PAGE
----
RE: modeling, validating and documenting an xml grammar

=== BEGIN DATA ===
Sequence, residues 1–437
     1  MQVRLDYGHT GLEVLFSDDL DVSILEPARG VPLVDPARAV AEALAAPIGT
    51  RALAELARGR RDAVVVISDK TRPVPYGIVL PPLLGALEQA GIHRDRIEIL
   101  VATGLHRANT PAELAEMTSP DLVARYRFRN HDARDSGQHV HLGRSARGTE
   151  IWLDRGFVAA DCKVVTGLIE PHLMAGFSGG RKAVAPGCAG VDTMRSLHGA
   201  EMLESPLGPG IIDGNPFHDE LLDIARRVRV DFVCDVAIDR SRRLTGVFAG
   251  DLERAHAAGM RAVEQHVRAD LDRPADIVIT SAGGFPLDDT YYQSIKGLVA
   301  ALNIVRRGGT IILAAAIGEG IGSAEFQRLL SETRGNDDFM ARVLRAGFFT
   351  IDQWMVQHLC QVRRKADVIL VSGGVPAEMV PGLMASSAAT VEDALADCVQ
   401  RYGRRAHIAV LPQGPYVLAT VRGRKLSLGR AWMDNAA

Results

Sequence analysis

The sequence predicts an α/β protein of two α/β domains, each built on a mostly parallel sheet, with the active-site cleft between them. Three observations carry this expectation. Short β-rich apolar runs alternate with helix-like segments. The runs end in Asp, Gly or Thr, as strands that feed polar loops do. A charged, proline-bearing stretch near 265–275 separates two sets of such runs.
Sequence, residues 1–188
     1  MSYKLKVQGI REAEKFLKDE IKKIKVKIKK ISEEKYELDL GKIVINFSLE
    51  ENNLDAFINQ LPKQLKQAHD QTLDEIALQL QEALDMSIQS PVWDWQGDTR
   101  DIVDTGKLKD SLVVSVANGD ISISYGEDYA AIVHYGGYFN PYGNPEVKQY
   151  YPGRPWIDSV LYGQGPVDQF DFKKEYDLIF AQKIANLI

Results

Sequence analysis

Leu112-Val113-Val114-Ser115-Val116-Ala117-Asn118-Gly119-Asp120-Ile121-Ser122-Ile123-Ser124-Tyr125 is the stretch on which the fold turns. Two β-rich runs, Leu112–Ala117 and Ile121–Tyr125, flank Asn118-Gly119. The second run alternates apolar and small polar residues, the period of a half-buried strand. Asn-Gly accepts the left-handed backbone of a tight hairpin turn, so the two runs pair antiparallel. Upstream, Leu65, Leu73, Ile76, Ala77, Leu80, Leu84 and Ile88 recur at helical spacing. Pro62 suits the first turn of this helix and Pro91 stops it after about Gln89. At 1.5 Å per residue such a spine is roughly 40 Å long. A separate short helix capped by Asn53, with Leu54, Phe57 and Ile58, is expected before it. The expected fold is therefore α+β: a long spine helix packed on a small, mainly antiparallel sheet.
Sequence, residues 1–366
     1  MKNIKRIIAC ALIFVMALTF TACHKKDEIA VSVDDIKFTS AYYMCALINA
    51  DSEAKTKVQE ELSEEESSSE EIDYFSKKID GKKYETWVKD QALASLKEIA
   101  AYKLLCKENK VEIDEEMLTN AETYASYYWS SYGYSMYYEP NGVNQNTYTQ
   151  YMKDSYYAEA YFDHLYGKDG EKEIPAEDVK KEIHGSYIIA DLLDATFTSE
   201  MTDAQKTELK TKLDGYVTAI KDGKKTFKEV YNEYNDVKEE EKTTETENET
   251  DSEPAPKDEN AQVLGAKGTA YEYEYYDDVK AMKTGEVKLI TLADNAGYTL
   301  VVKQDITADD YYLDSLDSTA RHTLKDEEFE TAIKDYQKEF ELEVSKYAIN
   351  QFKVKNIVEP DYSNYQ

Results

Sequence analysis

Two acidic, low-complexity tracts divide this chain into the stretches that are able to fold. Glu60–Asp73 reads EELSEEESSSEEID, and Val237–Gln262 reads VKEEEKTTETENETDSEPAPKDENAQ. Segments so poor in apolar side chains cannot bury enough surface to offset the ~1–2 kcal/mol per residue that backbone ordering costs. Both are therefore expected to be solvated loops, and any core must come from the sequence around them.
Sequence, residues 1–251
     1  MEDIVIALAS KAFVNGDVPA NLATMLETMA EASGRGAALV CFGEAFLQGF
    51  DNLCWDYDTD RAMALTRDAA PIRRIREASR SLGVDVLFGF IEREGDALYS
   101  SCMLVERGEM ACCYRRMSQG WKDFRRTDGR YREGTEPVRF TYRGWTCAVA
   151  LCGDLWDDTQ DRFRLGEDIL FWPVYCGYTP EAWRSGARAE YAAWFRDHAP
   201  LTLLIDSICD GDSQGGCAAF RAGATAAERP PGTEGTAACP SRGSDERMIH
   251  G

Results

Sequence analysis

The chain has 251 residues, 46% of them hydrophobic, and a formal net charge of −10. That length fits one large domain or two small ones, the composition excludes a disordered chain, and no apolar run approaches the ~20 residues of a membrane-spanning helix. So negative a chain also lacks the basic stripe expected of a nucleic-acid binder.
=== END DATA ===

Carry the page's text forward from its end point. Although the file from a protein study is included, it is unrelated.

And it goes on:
All working systems are particular cases. General cases apply to general systems, but I find none of these. That's just the hissy way of saying, 'can' did not equal 'does' in my response. I am aware of the work of Codd et al, but also that mathematical proof is seldom required in a demonstration for a BAFO, but speed always is. Apart from performance issues which one can claim are not impacted, but which do depend on particular cases and particular implementations, what one expects of the engineers is that in cases of denormalization, there are no relationships being violated and no business rules or policies being violated. That is, for example in databases we build, it is important to have the name of the criminal or the business in the names table, but not necessarily their doctor or lawyer. Yes, that can result in an undetectable relationship but policy being what it is, until they become one of the two cited, they are not in the names tables. The same is true of agency employees. len From: Rick Marshall [mailto:rjm@z...] with all due respect len, this argument was dealt with comprehensively about 30 years ago. databases that aren't fully normalised will always be more efficient in particular cases, but not in the general case. moreover there's no mathematical proof of correctness when things aren't nomalised, whereas there is when they are. however there are considerable performance issues surrounding the optimisers in many of the popular rdbms's and their sql implemenations. nevertheless, the case in point here is how to support two simultaneous tree views. xml supports one easily, as in eg orders and the lines on the orders. but what if you want a second that is products and the orders they are on. one is quick and efficient, the other is very slow. but we discussed this in detail a long time ago. rick
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